By Bishop L. Jonathan Holston
“So do not worry about tomorrow, for tomorrow will bring worries of its own. Today’s trouble is enough for today.” Matthew 6:34 (NLT)
Worry and anxiety take a tremendous toll. Our mental and physical energies are squandered as we become saddled with tons and tons of problems. In an age that consciously and subconsciously stresses the material, we cry for more, only to discover that real happiness does not come from the outside, but from within. In this season of celebrating our risen Savior, many are experiencing the holiest of days as the loneliest of days. In the midst of a global pandemic, racial unrest and political division, where can we find genuine happiness?
Each of us knows that person who is always in a good mood and has something positive to say. Their glass is perpetually “half-full,” and seemingly nothing ever gets them down. When we fall into the trap of comparison, it might seem as if their life must be without challenges. Upon closer observation, however, it becomes clear that maintaining a positive mindset requires making the choice to do so every day.
I believe that when we awake each morning, we can choose to be in a good mood …or a bad mood. When faced with adversity, we can choose to be the victim or to learn from the experience. When others begin complaining, we can let their negativity drag us down, or we can choose the positive.
If we are honest with ourselves, we have all experienced days where we stand with our dreams in shambles around our feet; agonizing when our children go astray; wondering about employment and housing; or when the test that comes back from the lab tells us something we don’t want to hear. This happens to the best of us and to those of us who are struggling as well.
It is in these times when we’re tempted to give up or give in; believing God is not ever going to do anything to help us; believing that it’s easier to just pull the covers over our heads and give up. It is easy to believe when life is good, but when it turns sour, our inclination is to feel rejected and guilty.
Jesus’ call for us not to worry about the future is a bold claim. The good news of the Gospel is just that—GOOD news. So when Jesus tells us not to worry, he is not leaving us high and dry. Jesus is calling us to put our trust in him. To trust that he will provide for our every need—the big stuff and the little stuff. All of it.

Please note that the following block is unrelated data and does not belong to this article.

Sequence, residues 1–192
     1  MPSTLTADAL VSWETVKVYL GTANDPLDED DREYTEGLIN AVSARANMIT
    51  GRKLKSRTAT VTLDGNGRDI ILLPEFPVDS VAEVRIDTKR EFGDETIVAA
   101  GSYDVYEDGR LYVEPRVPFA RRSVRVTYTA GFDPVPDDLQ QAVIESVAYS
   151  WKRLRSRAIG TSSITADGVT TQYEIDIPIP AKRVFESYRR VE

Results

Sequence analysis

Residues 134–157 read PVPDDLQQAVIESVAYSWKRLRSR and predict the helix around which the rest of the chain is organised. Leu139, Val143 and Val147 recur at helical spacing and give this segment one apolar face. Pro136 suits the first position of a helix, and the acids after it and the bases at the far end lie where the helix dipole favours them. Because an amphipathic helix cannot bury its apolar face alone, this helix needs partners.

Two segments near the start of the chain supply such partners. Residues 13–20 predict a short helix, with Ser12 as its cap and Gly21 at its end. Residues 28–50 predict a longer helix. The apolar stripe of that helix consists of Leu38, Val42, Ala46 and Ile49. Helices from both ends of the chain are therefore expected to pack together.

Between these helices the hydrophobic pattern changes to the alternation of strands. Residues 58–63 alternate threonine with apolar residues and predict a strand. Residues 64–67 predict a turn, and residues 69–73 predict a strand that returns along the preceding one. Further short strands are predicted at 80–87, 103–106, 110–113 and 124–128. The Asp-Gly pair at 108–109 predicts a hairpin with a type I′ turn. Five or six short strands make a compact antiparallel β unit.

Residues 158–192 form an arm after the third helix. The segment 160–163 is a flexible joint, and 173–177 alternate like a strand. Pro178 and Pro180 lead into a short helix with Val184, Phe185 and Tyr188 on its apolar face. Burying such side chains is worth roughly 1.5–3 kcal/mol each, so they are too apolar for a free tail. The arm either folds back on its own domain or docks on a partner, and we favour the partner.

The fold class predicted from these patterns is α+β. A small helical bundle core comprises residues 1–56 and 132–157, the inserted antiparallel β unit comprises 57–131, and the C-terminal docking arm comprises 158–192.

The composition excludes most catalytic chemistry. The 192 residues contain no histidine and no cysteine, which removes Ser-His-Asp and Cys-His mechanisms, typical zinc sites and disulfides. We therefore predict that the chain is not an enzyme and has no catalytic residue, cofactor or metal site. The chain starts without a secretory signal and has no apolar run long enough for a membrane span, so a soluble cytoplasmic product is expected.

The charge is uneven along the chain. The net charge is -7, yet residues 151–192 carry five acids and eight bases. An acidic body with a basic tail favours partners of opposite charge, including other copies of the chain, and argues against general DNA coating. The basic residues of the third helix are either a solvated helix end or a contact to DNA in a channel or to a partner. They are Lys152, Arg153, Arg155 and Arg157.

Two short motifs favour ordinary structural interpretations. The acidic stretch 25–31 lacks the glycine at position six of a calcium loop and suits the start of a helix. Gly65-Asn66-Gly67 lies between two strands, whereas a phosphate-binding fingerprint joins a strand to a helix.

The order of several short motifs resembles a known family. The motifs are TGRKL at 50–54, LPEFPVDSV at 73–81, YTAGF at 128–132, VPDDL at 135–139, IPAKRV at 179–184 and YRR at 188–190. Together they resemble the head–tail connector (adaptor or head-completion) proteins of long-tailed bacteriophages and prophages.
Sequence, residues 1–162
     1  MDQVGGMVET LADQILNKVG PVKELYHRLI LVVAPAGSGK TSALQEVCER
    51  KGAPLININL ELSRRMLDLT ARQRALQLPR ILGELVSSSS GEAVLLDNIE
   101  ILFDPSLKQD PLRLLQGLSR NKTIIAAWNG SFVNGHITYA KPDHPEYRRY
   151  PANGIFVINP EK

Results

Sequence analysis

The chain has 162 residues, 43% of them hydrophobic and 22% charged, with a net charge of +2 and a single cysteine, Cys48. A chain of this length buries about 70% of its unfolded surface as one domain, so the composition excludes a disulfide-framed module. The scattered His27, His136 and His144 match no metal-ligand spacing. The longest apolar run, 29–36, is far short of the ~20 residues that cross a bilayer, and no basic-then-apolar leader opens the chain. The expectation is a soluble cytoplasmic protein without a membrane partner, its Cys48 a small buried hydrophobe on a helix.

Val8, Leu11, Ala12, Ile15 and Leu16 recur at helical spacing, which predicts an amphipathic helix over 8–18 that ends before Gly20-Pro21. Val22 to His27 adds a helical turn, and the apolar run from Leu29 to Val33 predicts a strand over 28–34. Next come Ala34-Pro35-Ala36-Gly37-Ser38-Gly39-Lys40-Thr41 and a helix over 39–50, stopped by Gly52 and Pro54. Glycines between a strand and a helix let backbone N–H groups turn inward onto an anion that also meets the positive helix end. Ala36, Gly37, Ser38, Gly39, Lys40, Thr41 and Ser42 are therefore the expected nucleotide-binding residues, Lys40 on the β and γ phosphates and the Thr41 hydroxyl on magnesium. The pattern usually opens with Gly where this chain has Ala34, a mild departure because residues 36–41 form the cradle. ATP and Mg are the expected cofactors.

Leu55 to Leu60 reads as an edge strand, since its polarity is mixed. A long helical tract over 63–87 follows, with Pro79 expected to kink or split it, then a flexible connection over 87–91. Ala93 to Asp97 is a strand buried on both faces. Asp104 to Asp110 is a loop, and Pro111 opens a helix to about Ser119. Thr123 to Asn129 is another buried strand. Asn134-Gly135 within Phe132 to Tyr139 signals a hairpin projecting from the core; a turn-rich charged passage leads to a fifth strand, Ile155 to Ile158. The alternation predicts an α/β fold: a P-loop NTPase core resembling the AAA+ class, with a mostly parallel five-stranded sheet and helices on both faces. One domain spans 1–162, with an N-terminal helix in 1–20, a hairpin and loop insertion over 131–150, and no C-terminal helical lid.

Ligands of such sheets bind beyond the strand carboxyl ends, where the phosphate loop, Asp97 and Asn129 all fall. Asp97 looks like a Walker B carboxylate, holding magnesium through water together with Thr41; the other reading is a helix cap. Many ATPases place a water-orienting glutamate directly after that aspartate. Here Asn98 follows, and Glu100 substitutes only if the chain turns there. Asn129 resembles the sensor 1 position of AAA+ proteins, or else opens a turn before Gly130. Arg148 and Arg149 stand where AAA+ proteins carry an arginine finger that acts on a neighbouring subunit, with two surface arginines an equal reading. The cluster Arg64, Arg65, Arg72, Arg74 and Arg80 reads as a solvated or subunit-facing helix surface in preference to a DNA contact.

When things get tough, and they will, we must choose to recommit ourselves to trusting that God has not abandoned us. Especially when there is too much grief, too much pain and too much doubt, and the tendency is to give in to one’s fear and anxiety. Each of us personally must make the choice once more to prepare the way for God. No one can choose for us, and Christ will not come unless preparation is made.
A great deal of life is lived in the middle of trouble. Max Lucado says it this way, “It is said that everyone is either entering, in the middle of or just exiting a trial.”
Easter reminds us that even in our most difficult situations, God is working on our behalf. Not only is Jesus raised from the tomb, but God’s character of light and love is revealed in Jesus. When we are surrounded by uncertainty and anxiety in our circumstances, keep moving. With Jesus, anticipation supplants anxiety. Gladness shatters the ceiling of gloom. Hope replaces helplessness.
The message of Jesus casts out darkness. Friends, in our deepest moments of worry and anxiety, Jesus shows up. When we have given up on our hopes, and abandoned our dreams, as well as cast aside our visions of better days, Jesus arrives on the scene.
May we remember anew that the one in whom we place our trust has achieved the ultimate victory, over death itself.
Christ is risen. He is risen indeed! Hallelujah!
By Bishop L. Jonathan Holston